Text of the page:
Infant Sleep (2): You Haven’t Slept Lately

What follows assumes your baby is at least 6 months old, and is waking up for a feeding at least once a night. It also assumes that your baby doesn’t consistently put him or herself to sleep at the beginning of the night.

In my experience, there are a few non-negotiable “musts” if you want your baby to sleep all night: The baby must be sleeping in a space not occupied by the parents. If she awakens and sees you, it is virtually certain that she will not put herself back to sleep without your intervention.

Also, when the decision is made to put the baby down awake (may be drowsy, but he does not know he’s in his crib), it must be consistent, every single night. You may have heard me say, you may put your baby down asleep as often as you put your spouse down asleep.

To start, we must convince your baby to put herself to sleep. My original method allows you, when she starts screaming hard, to stop the process and pick the baby up to rock her to sleep. Unfortunately, any baby older than about 4 to 4½ months will not respond to this finesse method. That is, you’ll do the same thing night after night, with no progress being made.

It’s important that the routine leading to the baby’s bedtime be fairly consistent night to night. That is, each bedtime occurs in a fairly narrow time-window, preceded by a series of rituals, like bathing, dressing, songs, reading, prayers, etc, that ends at the appointed bedtime.

When you put your baby down for the night, do it silently. Massaging, hugging, holding tightly are all ways to say, “I love you” without your voice.

As you leave your baby’s side, expect major screaming to start. This is when you start timing intervals. Ferber’s original method used 5-minute blocks, one stacked on another, for the intervals, 3 intervals each night. The 3rd interval is then repeated over and over until the baby falls asleep (2-3 hours would not be uncommon the first night in a 6-month old). Since the repeated interval under Ferber’s method is 25 minutes on the 3rd night, a period of time which seems “forever” to a parent of a young baby, I have cut the “blocks” to 2½ minutes each.

Thus, the first night, you leave the room for 2½ minutes, then 5 minutes, then 7½ minutes, repeating 7½ minutes over and over until she’s asleep. The visits into the room should be brief, not more than a minute. Again, no talking, but any kind of physical contact is okay (just remember, you have to put her back down again). The purpose of the visit is not to comfort the baby, as it won’t, it’s simply to let her know that you haven’t abandoned her.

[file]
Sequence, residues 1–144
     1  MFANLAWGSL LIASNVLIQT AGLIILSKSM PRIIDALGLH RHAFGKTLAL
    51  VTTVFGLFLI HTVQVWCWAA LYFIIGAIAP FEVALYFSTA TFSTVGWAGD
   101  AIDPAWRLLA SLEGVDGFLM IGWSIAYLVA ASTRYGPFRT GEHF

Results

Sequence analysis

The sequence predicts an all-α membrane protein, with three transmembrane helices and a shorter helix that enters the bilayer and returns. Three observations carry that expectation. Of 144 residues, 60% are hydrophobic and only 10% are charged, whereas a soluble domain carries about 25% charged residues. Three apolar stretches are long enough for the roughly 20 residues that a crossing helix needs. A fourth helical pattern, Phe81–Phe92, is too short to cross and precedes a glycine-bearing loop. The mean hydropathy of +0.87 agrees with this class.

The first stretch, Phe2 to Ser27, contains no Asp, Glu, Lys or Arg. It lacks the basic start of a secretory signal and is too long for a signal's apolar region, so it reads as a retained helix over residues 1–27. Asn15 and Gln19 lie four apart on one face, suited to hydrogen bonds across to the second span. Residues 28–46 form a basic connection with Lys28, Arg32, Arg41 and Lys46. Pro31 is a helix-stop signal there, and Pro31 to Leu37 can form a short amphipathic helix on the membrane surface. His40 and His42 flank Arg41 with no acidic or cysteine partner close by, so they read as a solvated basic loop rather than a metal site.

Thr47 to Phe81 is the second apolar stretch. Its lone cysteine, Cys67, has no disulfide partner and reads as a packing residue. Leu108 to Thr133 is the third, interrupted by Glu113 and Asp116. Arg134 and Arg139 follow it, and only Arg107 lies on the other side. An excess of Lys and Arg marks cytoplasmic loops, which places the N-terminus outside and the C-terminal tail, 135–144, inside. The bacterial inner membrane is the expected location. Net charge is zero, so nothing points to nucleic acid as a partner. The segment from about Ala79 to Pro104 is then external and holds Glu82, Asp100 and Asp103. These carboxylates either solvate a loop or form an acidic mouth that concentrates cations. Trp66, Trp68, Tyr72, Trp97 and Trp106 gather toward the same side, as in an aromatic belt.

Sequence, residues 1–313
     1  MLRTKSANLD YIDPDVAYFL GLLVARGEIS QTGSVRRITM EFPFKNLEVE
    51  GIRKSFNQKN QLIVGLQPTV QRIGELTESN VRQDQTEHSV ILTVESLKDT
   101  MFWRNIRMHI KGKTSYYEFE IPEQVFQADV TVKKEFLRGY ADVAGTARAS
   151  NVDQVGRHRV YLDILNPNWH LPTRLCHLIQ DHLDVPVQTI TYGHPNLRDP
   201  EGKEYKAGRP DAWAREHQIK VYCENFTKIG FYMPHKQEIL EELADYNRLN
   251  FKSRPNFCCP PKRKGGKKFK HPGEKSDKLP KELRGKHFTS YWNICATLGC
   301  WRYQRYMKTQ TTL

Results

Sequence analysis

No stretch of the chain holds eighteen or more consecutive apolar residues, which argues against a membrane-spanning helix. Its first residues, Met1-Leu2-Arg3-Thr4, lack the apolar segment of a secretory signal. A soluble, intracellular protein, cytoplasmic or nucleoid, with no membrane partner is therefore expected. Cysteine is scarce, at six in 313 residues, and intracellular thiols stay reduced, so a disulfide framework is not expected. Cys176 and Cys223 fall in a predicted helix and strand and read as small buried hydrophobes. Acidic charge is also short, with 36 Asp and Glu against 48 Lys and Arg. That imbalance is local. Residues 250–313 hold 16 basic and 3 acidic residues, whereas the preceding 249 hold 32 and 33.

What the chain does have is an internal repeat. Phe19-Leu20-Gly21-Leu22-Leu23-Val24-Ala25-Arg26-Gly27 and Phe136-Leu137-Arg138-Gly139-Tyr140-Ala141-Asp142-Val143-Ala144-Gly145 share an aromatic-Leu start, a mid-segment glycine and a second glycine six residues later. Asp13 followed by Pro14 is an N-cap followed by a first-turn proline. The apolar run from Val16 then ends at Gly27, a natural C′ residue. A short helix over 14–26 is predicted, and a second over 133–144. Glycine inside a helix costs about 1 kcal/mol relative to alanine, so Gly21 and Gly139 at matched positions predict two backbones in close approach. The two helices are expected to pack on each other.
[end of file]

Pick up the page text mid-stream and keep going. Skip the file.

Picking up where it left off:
It’s best to make a table for the time intervals: Across the top would be 1st, 2nd and 3rd interval, down the left side of the table, the night of the process, 1 through 7. Then, using the 2½ minute “blocks” you fill in the columns. The 3rd night intervals would be 7½, 10 and 12½ minutes, with 12½ minutes being the repeated interval. By the 7th night you’re up to 17½, 20 and 22½ minutes.

You keep going until the baby puts himself to sleep. Remember, the 3rd night is the hardest. If you can go that long without giving in, it will from then on get progressively easier. In fact, if this seems too hard, I would strongly encourage you to wait until you’re willing to be up all night if you need to. You won’t need to, but until the baby senses your resolve, he is likely to keep pushing until you “cave.” What’s more, once you give in the first time, when you go back to try it again, it will be that much harder.

It will take an average of 7 to 14 nights to convince your beautiful little angel that she can put herself to sleep, and for possibly the very first time, put herself to sleep without being fed or rocked.

While you’re working on the bedtime routine above, you want to start weaning the night feeds down to 2 minutes or 2 oz, depending on whether your nursing or bottle feeding. I would take up to 2 weeks to make that adjustment. The reason for doing this is that the night feedings by about 4½ months are called “trained night feedings.” That is, they aren’t really needed, but are established hormonally in the brain by consistent feeds at a certain time. The example I give: Set your alarm for a random time at night, say 1 am, get up when the alarm goes off and eat a small sandwich. Within 4 nights you won’t need the alarm.

If your baby has been getting 8 oz night feeds, that’s like a feast, so if one night you suddenly deny her that amount, she is going to be very hungry AND very mad. If you’ve taken 2 weeks to wean her down to 2 oz, then she’s a bit hungry, but not starving.  Then, it won’t be quite so hard when you finally deny her.

I would stay in a holding pattern with the 2 oz feeds until you have completed the bedtime routine. That is, the baby is now, without exception, putting himself to sleep. You are now ready to “lower the boom.” Don’t do it however, if you’re tired, it’s the holidays, your spouse is gone on a trip, etc, just wait a bit longer.

The last step is to repeat the same stepwise crying intervals you just completed for bedtime. It is quite unnerving, and tiring. But when you’re done, you’ll have your baby sleeping 9 to 12 hours, uninterrupted, each night. Good luck!

Sleep Training 101


NIGHT VISIT #1 (min) VISIT #2 (min) VISIT #3 (min)
1 5
2 5 10
3 7½ 10 12½
4 10 12½ 15
5 12½ 15 17½
6 15 17½ 20
7 17½ 20 22½


  • Wait the specified number of minutes before entering the room
  • Repeat visit #3 if more than 3 visits are required
  • Night 3 is usually the hardest
  • May take 7-14 nights


If you missed reading “Infant Sleep (1): Have You Slept Lately?”, you can find it here.